Despite the lack of headstones, there is a plaque on the cemetery wall which has the names of Jews who are buried there. The plaque includes the names of three family members. We think we know the spot where they are still buried, but we can't be sure. After spending a few minutes at the cemetery, we went to get lunch at a Chinese-Mongolian buffet. Then we went to walk around the city of Rheine itself. We went through town hall and eventually made our way to the house my grandfather lived in during his first two years of life. The house has a bottom section and an upper section. When my grandfather lived there, the upper part was the living quarters, while the bottom part was my great-grandfather Max's fruit and vegetable shop. In 1937, the Nazis firebombed his shop. Today, the shop is empty. The upper part houses some apartments, but since it was a weekday afternoon, I don't think the tenants were home. We would have loved to go up there if we had the chance, though.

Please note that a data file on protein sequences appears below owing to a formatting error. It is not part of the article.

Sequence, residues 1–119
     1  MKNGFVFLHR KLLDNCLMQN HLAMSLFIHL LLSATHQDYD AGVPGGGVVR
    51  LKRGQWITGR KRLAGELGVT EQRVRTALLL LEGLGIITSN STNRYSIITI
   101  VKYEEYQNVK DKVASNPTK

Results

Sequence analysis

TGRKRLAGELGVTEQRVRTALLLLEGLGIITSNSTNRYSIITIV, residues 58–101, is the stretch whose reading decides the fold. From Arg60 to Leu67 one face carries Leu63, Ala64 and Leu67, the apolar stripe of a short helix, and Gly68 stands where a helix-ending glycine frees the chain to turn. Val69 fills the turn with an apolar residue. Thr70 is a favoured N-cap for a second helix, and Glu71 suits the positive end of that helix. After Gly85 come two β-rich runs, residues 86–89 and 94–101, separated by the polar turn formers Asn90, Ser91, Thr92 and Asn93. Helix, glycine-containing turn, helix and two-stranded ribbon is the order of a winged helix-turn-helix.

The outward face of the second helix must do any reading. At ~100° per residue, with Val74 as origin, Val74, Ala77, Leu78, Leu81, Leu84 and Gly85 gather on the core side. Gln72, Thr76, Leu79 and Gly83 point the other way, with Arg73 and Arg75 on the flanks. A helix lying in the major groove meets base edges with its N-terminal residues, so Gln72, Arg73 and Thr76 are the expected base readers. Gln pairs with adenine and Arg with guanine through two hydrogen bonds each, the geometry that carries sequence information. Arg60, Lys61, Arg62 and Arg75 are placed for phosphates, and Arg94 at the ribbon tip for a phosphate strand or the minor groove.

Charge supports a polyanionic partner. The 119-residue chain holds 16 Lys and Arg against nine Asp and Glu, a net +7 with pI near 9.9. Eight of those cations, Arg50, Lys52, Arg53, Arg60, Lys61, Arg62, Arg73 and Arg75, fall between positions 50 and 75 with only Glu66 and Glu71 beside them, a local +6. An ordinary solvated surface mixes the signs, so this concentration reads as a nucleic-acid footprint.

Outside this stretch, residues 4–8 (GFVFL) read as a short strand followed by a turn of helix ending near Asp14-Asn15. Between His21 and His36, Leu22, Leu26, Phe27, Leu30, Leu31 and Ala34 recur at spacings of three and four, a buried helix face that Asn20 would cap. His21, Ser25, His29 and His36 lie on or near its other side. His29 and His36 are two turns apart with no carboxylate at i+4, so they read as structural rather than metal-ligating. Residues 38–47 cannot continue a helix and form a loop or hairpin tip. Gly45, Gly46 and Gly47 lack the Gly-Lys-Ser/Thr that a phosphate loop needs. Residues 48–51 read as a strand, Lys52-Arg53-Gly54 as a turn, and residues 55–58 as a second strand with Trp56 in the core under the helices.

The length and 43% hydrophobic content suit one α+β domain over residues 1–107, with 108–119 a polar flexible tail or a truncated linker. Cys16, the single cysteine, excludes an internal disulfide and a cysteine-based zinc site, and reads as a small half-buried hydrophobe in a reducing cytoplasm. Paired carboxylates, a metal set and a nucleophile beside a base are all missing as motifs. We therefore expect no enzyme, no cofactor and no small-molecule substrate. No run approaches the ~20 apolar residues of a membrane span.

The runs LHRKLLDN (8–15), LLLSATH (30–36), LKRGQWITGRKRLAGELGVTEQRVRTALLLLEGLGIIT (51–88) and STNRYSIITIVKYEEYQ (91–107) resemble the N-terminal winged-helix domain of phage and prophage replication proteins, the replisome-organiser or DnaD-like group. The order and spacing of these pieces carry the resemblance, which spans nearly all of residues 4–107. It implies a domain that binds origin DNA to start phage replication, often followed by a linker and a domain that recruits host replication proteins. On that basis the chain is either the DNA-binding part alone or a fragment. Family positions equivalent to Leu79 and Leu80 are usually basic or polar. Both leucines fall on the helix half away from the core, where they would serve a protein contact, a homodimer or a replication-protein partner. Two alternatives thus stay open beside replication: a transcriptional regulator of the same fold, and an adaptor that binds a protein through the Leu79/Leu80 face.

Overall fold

Then we moved on to our street. In some German towns, they named streets after families that were killed off or left. Gertrude is bitter because they didn't put the streets in the city, where the Jews lived. Our street, Buchdahlstrasse, is located in a suburban area of Rheine, outside the city limits. It was cool to see our name on a street, and it was a nice photo op. That was the day in Rheine. We made our way back to Münster, and had more bread for dinner at the Althoffs.
Beer of the day: Another Bitburger